Winkler does fine in the part, though I can’t claim he makes Chuck especially interesting. Perhaps Winkler shouldn’t turn Chuck into a compelling personality given the character’s boundaries.

That said, Winkler attempts to avoid hints of Fonzarelli charisma to such a degree that Chuck seems too dishwater dull. While we vaguely like Chuck, Winkler’s performance makes it hard to truly bond with him or care about his fate.

While Winkler’s prior work colors my perception of his performance here, Long’s then-future role as Diane Chambers in Cheers impacts how I view her in Shift. Put simply, the picture of Long as the snobby, uptight Diane means it becomes intensely difficult to swallow her as the street prostitute Belinda.

Though the more I think about it, the more I find it tough to accept Long as a hooker even if I purge my memory of her Cheers role, as Long/Belinda seem far too WASPy and upscale to work the mean streets of New York. Not that no educated/refined prostitutes exist, I guess, but it just doesn’t make much sense that someone like Belinda would peddle her wares in the circumstances depicted.

It seems more likely she’d connect to a higher-class operation. The depiction here becomes a bridge too far, and I find it tough to accept Long as a hooker, even if she plays the role as written.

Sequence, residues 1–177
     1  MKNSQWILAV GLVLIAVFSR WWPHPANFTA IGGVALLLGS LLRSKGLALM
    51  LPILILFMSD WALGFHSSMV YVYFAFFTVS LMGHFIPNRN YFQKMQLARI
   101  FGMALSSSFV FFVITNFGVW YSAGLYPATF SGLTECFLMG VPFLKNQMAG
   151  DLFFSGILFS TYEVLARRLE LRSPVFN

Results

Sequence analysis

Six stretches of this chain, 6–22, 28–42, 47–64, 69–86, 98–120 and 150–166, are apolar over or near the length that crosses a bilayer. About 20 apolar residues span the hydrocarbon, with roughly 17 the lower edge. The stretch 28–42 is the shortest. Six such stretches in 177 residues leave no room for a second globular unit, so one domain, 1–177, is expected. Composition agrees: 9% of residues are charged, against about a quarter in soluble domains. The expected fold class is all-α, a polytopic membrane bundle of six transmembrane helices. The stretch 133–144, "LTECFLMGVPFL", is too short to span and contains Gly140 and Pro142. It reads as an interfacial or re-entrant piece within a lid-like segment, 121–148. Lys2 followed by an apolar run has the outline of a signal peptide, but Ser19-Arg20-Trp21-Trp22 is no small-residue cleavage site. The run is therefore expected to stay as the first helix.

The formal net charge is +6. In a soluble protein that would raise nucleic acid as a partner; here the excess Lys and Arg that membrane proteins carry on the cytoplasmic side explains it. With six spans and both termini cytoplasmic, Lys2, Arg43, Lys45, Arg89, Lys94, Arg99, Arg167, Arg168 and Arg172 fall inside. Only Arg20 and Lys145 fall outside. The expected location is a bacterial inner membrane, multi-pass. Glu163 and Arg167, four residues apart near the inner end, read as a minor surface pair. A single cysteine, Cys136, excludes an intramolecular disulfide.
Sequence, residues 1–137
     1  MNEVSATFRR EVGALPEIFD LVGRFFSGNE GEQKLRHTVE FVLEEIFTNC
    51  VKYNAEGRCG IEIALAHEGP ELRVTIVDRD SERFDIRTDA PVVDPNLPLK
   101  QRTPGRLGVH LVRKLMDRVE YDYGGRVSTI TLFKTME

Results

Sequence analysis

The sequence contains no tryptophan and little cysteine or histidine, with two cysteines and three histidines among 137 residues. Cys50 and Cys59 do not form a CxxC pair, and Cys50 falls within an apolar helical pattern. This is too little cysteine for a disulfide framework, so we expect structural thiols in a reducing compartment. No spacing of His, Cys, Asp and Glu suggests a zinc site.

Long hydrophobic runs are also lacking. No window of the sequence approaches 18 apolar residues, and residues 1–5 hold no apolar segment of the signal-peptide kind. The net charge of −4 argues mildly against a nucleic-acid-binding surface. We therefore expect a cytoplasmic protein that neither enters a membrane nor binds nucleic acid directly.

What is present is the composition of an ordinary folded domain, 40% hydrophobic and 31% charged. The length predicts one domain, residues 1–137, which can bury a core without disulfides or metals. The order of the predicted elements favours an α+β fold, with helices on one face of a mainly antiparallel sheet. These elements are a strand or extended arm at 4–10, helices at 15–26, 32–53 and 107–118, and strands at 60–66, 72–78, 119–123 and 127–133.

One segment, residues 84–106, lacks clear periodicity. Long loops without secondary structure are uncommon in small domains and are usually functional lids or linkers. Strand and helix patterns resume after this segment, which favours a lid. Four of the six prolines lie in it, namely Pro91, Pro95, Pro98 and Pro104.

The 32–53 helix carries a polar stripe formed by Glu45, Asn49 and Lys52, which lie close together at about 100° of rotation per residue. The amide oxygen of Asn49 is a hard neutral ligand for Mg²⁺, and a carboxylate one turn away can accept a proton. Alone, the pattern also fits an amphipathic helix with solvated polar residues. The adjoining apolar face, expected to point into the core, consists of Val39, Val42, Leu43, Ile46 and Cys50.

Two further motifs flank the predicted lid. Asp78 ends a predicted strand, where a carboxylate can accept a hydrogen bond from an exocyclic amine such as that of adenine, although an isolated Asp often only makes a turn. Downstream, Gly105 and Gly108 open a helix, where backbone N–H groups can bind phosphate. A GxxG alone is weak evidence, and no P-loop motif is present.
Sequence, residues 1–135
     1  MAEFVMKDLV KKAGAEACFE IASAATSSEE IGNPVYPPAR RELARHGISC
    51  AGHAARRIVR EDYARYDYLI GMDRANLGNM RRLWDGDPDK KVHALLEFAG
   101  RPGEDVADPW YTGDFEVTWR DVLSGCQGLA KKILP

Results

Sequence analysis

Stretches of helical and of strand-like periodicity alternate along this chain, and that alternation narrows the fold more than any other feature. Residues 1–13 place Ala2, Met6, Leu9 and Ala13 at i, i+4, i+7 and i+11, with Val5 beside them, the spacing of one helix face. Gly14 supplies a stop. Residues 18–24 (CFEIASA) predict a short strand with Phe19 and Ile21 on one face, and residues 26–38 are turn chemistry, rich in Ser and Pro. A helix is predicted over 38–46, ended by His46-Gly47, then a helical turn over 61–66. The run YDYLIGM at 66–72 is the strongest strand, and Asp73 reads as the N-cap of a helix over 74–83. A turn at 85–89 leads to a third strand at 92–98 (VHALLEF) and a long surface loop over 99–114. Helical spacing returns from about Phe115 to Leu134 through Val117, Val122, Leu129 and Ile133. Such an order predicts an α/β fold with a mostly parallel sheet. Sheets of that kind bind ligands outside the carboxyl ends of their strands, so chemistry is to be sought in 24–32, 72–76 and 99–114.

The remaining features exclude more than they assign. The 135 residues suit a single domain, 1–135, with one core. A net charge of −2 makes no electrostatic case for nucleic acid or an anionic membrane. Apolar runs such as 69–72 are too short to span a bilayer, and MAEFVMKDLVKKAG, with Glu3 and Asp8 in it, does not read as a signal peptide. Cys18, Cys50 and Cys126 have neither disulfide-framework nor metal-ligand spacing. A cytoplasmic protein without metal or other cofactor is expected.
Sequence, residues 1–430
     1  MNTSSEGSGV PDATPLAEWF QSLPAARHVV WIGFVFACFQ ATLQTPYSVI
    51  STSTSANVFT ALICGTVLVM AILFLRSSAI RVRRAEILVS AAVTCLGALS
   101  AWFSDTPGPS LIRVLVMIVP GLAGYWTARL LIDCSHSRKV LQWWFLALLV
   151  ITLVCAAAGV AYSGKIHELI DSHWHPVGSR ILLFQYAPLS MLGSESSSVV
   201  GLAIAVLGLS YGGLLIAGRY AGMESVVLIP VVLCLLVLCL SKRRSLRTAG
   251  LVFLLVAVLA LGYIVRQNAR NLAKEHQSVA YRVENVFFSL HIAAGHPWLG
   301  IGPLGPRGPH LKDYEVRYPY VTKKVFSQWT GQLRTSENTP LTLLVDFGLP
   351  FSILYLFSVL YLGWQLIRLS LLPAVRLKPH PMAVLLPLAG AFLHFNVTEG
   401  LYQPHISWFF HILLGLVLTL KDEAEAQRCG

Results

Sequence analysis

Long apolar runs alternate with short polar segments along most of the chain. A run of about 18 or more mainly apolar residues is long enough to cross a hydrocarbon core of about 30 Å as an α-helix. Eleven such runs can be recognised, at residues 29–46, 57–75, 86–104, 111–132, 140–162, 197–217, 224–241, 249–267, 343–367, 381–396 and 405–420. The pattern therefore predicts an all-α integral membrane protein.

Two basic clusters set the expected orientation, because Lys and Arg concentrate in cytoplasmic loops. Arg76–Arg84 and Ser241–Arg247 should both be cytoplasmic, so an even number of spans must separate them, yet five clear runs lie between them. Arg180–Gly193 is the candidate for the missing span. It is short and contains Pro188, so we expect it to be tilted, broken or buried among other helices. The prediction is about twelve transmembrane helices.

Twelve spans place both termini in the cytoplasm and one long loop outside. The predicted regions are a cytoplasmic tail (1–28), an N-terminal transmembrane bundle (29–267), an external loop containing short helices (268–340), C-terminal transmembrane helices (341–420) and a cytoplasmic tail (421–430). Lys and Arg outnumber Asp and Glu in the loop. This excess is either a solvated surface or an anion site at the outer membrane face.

I guess screenwriters Babaloo Mandel and Lowell Ganz figured a nebbishy guy like Chuck wouldn’t fall for an “earthier” girl. 1983’s Trading Places pulled off this feat better, though that trick succeeded there also because Jamie Lee Curtis pulled off her hooker character’s mix of intelligence and sex appeal better than Long does.

Even with ups and downs, the actors try their best here, but the pedestrian screenplay does them no favors, and neither does Howard’s sitcom-style direction. Shift rarely feels like an actual feature film, and cinematographer James Crabe’s decision apparently to use spotlights for all nighttime scenes makes this an odd visual product, as it never resembles the urban setting as it should.